What is an audiogram?

audiogram and degrees of hearing loss. Also different sounds that can be impacted by hearing loss

Sound is described by two variables: frequency and loudness.  We measure both variables when we test hearing. These two variables are then plotted on a graph called an audiogram.  An audiogram is a graphic representation of your hearing ability. During a hearing test, your hearing is checked at different frequencies to determine the softest level you can hear at each frequency.

The Frequencies

The horizontal scale at the top and bottom indicate the different frequencies, or pitches.  The low frequencies (e.g. the hum of an engine) are located on the far left and the high frequencies (e.g. the twitter of a bird) on the far right. This is similar to a piano’s keys from left to right; low pitch to high pitch.  The frequency or pitch of a sound is measured in kilohertz, abbreviated as kHz.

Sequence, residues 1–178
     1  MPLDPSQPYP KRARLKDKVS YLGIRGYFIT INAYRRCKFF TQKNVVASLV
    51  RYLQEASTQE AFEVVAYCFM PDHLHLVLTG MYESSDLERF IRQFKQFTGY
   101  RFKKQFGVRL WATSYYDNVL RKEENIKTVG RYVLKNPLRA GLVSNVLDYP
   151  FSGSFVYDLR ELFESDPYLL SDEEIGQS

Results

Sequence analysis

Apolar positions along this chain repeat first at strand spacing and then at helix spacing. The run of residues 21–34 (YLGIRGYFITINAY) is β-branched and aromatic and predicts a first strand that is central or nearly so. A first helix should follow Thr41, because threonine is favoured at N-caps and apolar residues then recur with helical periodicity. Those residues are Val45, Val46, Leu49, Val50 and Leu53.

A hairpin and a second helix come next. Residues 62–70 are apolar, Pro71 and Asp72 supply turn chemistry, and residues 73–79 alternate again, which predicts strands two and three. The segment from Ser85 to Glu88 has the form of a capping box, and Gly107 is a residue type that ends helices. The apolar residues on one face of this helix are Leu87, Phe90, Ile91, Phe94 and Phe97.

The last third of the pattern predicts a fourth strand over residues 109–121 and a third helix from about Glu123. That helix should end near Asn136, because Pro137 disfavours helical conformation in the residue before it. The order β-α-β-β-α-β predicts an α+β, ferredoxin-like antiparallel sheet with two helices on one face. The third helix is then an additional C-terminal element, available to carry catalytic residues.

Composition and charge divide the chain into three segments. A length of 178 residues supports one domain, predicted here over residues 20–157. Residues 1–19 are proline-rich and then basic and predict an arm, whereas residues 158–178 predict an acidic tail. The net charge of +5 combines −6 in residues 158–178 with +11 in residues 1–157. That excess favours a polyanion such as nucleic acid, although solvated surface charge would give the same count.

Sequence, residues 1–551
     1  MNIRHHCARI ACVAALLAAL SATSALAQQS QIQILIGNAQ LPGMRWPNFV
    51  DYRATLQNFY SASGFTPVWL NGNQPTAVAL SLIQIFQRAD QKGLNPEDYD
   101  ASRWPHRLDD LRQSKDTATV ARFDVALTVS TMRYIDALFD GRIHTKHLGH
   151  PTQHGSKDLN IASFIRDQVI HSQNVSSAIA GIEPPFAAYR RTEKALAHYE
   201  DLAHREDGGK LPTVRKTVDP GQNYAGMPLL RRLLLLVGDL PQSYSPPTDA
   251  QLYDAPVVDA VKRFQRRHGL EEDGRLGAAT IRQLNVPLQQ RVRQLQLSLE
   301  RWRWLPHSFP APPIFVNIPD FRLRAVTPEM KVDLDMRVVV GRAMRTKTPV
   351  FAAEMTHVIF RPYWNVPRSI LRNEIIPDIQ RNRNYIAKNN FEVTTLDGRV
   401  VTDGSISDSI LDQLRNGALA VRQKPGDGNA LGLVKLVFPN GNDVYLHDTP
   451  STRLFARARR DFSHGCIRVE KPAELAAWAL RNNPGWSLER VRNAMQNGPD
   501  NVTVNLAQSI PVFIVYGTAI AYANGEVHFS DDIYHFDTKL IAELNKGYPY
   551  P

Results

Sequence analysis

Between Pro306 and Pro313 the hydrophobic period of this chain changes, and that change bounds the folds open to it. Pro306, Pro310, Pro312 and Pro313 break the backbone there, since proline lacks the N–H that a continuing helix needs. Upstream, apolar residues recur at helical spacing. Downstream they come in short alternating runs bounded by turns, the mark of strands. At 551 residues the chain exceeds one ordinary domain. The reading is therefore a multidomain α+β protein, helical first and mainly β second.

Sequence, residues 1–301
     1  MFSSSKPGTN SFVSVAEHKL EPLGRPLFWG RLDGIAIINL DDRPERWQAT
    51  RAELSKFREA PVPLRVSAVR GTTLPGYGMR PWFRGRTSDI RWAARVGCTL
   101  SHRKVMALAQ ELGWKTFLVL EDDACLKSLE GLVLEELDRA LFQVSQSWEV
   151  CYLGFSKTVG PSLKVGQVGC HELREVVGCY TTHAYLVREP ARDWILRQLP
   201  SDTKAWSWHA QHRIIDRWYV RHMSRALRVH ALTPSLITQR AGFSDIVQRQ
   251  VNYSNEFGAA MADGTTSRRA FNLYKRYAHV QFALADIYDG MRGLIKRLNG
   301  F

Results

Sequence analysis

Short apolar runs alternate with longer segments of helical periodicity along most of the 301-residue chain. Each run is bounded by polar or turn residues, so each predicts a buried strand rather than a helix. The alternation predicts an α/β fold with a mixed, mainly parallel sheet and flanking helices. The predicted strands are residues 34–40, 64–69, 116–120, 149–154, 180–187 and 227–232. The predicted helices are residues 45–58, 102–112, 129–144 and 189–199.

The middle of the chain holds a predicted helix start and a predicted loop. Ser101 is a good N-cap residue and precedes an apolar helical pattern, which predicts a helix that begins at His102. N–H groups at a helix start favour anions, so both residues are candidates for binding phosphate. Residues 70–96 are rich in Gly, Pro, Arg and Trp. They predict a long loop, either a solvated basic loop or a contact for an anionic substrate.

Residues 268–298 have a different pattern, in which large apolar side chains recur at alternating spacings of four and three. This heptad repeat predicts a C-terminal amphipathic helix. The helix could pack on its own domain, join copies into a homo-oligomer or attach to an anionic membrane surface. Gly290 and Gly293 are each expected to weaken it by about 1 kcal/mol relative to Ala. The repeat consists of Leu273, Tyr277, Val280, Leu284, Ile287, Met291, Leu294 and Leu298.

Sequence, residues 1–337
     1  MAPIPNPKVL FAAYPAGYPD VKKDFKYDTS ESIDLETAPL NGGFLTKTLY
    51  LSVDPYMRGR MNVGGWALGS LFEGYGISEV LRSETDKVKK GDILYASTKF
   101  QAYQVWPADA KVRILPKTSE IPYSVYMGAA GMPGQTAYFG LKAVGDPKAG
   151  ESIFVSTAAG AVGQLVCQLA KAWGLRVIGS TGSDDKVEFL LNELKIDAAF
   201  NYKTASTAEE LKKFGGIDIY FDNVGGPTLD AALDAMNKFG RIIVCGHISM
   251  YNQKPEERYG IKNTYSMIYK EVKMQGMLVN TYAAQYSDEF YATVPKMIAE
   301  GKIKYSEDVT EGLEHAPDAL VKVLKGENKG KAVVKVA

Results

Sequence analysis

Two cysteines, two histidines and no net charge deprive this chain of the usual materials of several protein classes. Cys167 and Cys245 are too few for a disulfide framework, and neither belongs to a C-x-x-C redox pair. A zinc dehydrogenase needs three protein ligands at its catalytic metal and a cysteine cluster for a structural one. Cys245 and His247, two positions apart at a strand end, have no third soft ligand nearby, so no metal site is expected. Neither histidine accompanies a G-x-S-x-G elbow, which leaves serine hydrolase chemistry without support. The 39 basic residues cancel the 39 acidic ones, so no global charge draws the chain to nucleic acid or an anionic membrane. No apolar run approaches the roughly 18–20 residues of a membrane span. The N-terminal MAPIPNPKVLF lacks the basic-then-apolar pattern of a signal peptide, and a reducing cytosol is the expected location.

The Loudness level

The vertical scale indicates the loudness level of the respective frequency, from soft (top) to loud (bottom). Values are given in decibels, abbreviated as dB. The healthy human ear begins to perceive sounds starting at 0 dB and reaches the threshold of pain at 110 dB.

The speech banana

Speech consists of vowels and consonants at different loudness and frequency levels. The octagonal shape on the audiogram is referred to as the "speech banana" which essentially encompasses most of the speech sounds.